To prevent the depredations of the onion fly, sprinkle 4% calomel dust along the rows of spring onions when the seedlings are about 1 1⁄2 high; repeat about 10 days later. Your seedling carrots may suffer from the carrot fly, so apply naphthalene dust to the rows and repeat at 10- day intervals until the end of June.

Some gardeners put lengths of creosoted string about 2 in. above their carrot rows, and find this wards off the carrot fly. You will need to dress the string with creosote three times (at fortnightly intervals, beginning mid-May) for early sowings and five times for the maincrop. You can put the creosote on with a brush or take the string up and re-dip it. You must not allow any of the liquid to splash on the plants or it will ‘burn’ the leaves.

A bit about BIRDS

The nesting season of wild birds is in full swing in May. Soon the birds themselves will reach their peak of usefulness to man. Robin, wren, hedge-sparrow, song-thrush and many others will be about their business of finding food for hungry nestlings and so will be making constant inroads on garden pests. True, the song-thrush may later take small toll of your bush fruit; but, all the same, this bird is the gardener’s very good friend. Of all our birds, it is the champion snail killer; if it were no more than that, it would deserve protection and encouragement. As for robin, wren and hedge-sparrow––nobody has anything but good to say of them; in fact, there is nothing but good to say. Any or all of them may nest in gardens; if any of them nests in yours, let it nest in peace. Your interest and protection will be repaid a hundredfold.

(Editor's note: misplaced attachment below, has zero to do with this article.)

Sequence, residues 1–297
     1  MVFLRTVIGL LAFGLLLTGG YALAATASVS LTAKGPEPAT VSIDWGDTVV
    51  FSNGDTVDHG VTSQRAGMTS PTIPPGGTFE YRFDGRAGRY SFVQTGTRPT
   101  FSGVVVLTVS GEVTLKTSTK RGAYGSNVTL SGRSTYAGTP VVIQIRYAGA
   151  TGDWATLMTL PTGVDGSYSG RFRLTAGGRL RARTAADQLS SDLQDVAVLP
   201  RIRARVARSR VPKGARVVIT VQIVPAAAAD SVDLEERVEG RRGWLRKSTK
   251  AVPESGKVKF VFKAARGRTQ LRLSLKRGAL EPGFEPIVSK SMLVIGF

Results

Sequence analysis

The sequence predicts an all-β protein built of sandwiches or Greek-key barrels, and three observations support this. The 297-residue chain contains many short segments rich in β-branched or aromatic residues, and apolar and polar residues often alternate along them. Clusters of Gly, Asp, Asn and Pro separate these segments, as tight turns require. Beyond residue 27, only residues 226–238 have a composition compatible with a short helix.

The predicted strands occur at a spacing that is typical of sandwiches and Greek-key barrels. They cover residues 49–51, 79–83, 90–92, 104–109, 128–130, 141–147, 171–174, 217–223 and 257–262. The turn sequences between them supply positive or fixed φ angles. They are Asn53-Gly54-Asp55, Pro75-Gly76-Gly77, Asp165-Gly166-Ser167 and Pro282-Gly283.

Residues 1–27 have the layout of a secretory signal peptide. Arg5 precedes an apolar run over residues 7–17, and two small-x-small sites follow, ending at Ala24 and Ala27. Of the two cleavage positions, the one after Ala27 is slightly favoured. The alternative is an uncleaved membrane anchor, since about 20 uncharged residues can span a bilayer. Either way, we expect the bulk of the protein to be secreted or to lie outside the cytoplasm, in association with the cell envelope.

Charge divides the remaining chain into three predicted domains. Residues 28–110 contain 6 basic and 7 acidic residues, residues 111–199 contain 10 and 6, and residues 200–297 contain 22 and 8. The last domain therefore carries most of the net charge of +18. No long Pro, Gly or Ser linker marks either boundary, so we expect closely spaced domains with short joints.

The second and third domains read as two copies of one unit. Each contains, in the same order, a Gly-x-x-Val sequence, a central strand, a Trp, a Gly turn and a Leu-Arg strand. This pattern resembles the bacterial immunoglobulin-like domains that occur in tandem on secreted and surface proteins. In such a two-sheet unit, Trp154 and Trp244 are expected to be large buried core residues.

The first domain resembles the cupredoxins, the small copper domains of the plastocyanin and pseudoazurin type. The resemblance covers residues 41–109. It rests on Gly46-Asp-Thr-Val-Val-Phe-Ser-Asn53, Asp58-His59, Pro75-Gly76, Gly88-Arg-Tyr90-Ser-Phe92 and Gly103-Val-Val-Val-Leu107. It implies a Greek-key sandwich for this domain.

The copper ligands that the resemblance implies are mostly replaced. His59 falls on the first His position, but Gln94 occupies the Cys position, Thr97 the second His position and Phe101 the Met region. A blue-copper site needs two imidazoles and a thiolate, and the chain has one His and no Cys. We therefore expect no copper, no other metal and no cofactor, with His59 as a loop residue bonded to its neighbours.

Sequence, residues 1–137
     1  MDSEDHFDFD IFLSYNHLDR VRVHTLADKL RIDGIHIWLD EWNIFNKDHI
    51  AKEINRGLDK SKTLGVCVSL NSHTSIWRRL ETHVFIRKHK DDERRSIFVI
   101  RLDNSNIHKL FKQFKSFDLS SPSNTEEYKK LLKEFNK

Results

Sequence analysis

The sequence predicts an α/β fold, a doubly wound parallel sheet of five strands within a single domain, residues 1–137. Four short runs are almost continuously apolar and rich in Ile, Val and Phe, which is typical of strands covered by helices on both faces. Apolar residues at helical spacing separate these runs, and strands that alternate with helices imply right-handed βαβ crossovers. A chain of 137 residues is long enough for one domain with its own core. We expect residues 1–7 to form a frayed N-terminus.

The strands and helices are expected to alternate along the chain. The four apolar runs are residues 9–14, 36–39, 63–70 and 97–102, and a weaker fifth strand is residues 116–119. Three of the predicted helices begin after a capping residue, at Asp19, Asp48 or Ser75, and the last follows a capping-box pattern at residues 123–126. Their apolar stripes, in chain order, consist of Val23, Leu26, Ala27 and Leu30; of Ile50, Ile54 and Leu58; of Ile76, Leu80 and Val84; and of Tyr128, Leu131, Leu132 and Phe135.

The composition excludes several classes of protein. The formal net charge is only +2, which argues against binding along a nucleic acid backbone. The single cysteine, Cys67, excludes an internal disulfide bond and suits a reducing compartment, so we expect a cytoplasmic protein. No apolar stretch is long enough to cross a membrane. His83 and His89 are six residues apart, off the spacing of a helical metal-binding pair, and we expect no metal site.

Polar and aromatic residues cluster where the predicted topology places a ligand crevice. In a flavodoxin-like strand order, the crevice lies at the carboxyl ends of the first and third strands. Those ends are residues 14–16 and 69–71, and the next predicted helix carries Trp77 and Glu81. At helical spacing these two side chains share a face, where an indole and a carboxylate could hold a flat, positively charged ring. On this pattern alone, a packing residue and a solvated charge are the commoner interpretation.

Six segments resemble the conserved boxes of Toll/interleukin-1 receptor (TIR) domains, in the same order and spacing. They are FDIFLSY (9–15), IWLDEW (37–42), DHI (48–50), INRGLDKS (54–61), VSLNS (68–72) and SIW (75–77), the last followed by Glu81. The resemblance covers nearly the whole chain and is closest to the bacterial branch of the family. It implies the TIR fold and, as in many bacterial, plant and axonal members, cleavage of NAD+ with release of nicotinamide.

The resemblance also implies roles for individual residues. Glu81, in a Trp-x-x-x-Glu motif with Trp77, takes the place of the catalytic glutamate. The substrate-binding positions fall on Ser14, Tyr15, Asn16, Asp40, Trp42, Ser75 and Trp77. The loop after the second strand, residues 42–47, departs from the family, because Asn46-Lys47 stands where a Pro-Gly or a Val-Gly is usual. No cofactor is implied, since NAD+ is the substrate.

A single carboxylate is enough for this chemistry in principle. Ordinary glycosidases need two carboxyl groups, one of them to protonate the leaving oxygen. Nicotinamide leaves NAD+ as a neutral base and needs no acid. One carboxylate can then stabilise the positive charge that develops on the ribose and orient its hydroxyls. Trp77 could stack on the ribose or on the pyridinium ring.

Then there are the great tit and the blue tit. If you have a nest box in your garden––maybe even if you haven’t––you may have the great good luck to harbour a family of either species.

The last analysis of the food of these two feathered benefactors showed two-thirds injurious insects for the great tit, no less than three-quarters for the blue! What gardener would grudge such friends as these an occasional beak full of fruit?

It’s a pity to add a discordant note; but there are birds you will need to watch. The house- sparrow, it is true, feeds its young on grubs and insects and takes a good many for itself; but it can be a nuisance when green things are coming through. If you are near a wood and there are jays about, look to your peas. If there are woodpigeons, look to anything in the garden that can be eaten. But apart from these few, the birds are your friends. If you give them a square deal, they will give you something better than that, for not all your labour or insecticides will do so much to keep the garden clean. And, remember, the birds are on the job all day long.

Man digging garden